Rescheduling of Cannabis Looming at the UN, Where is the US?

The World is Tired of the Double Standard around Cannabis in the USA, Prepares to Legalize the Plant Worldwide

The USA Needs To Stop With The Double Standards

The United States remains to have one of the strangest relationships with cannabis laws.

With nearly 40 states already decriminalizing cannabis in medical or recreational form, the federal government says that it’s still illegal. But what happens when the United Nations reschedules cannabis? The US is going to get left behind, while we all thought that the US would be first to reschedule pot.

Major milestones for legalization of cannabis in the US started way back in 1996, which is when California voters passed the historic Proposition 2015. Two years later, Alaska followed suit with Measure 8, and slowly but surely, the dominoes began to fall. Today, in 2020, there are 38 states that have legalized cannabis, yet the US still maintains its stance that cannabis is illegal – and continues telling the world the same message.

But nobody is going to sit around and wait for the US to federally legalize cannabis. That SHOULD have happened a long time ago.

They are sending the wrong message when you consider just how many states have already adopted a legal cannabis measure in some form.

The UN May Make A Move That Could Prove To Be The Tipping Point We Needed

There’s no point in sitting around waiting for the US to move because the UN seems to be a few steps ahead already.

Marijuana Moment has reported they obtained a government document that looks like they were discussing the policy recommendations released by the WHO in 2019. Among the series of proposals are removing cannabis from the list of controlled substances according to an archaic international drug treaty, as well as rescheduling several cannabinoids of the plant.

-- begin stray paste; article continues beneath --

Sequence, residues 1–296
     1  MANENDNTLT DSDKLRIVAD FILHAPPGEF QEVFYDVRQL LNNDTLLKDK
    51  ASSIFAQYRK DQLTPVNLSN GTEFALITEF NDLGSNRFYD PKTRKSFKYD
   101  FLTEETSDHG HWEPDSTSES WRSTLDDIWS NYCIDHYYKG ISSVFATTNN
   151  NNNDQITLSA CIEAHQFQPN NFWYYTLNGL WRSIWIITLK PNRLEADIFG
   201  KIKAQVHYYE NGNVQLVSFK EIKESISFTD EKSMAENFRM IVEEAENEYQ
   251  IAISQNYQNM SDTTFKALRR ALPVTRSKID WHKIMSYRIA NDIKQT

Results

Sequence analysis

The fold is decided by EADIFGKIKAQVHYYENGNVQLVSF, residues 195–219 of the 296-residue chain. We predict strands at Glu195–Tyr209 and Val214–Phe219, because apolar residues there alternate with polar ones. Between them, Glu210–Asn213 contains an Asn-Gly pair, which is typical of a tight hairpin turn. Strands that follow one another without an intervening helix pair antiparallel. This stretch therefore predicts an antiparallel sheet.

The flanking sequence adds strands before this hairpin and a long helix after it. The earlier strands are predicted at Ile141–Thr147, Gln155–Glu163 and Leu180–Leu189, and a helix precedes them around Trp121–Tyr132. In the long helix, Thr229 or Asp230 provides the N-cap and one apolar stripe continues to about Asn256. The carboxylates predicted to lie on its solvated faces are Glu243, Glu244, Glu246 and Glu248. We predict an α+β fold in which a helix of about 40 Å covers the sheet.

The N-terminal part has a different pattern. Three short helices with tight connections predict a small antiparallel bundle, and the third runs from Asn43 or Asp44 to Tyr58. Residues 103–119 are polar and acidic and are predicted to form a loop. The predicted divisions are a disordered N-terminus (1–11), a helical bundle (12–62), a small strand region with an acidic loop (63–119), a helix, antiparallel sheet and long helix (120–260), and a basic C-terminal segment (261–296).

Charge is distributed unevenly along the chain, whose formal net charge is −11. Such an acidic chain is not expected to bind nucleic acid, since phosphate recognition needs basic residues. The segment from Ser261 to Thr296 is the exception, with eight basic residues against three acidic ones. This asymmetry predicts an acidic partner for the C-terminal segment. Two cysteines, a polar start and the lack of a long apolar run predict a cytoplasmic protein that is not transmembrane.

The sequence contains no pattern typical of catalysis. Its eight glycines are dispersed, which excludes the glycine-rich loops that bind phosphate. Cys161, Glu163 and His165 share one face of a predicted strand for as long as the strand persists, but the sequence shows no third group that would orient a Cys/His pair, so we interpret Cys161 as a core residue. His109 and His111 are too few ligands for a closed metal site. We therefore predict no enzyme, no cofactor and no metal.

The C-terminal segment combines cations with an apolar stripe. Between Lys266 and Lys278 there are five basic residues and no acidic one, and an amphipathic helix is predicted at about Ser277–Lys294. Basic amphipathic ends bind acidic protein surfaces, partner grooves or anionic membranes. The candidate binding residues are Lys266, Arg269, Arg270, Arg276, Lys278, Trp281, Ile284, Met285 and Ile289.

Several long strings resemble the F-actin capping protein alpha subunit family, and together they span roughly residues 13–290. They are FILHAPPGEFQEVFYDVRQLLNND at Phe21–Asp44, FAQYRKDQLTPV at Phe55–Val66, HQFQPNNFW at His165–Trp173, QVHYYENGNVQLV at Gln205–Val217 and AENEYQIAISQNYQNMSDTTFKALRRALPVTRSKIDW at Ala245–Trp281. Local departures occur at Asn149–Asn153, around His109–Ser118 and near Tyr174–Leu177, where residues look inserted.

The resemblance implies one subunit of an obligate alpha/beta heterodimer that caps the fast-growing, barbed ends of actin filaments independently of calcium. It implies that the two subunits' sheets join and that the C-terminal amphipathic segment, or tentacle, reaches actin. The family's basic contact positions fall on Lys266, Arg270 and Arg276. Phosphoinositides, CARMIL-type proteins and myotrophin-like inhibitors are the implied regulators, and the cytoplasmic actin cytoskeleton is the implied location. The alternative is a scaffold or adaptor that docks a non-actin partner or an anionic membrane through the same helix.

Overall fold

More than anything, they looked like they were nervous about the fact that the UN would reschedule cannabis.

Though this was scheduled to happen last year, the vote was delayed so that its 53 member nations could be given more time to think about these proposals. Now, it seems that the vote may happen next month.

If this happens, then nobody would give a rat’s ass about what the United States federal government thinks about cannabis anymore. There would be no need for us to worry about the financial repercussions because, after all, the UN says cannabis is now legal.

“It is possible that civil society, the media, and the general public will view deleting cannabis from Schedule IV as a first step toward widespread legalization of marijuana use, especially without proper messaging,” reads the document. It also acknowledges that removing pot from the Schedule IV list of the outdated 1961 Convention would be a “benefit to the advancement of collective knowledge of both the therapeutic utility as well as any associated harms,” and it would do so by promoting research.

The document also adds that the proposed changes by the WHO could give people the wrong idea, leading them to think that the current Schedule IV stance impedes research and that the international framework isn’t compatible with research. What they’re basically saying is that even if the United States acknowledges the benefits of reclassifying cannabis, the government is worried about how it would turn out.

It’s already 2020, for crying out loud. There is no reason cannabis should be categorized in the same list of drugs that heroin is. That means that for as long as cannabis isn’t rescheduled, it’s viewed as a harmful drug with no medicinal value.

The UN’s member nations who have agreed to the drug treaties are still banned from legalizing it, though that has not stopped Canada and Uruguay from violating the treaty. So why is the US taking its sweet time?

Since the US is a member nation to three international treaties that limit their ability to legalize cannabis, the US is required to vote on any changes including if the WHO will be rescheduling cannabis internationally.

These archaic drug treaties shouldn’t be as inflexible as they are; rather, they should adapt based on current circumstances of countries. In the case of Canada and Uruguay, as well as other liberal nations who are looking to do their own thing when it comes to cannabis, the consequences of violating these treaties could create an embargo and even prevent them from getting medications. When in reality, drug treaties are meant to give access to these very important medications in exchange for placing drug policies in place.

Extremely draconian at its best.

At the end of the day, the US is still imposing its stupid double standards when it comes to cannabis. This is how the rest of the world already thinks about their rules, and are going full steam ahead instead even if this means a huge financial risk from the US financial system.


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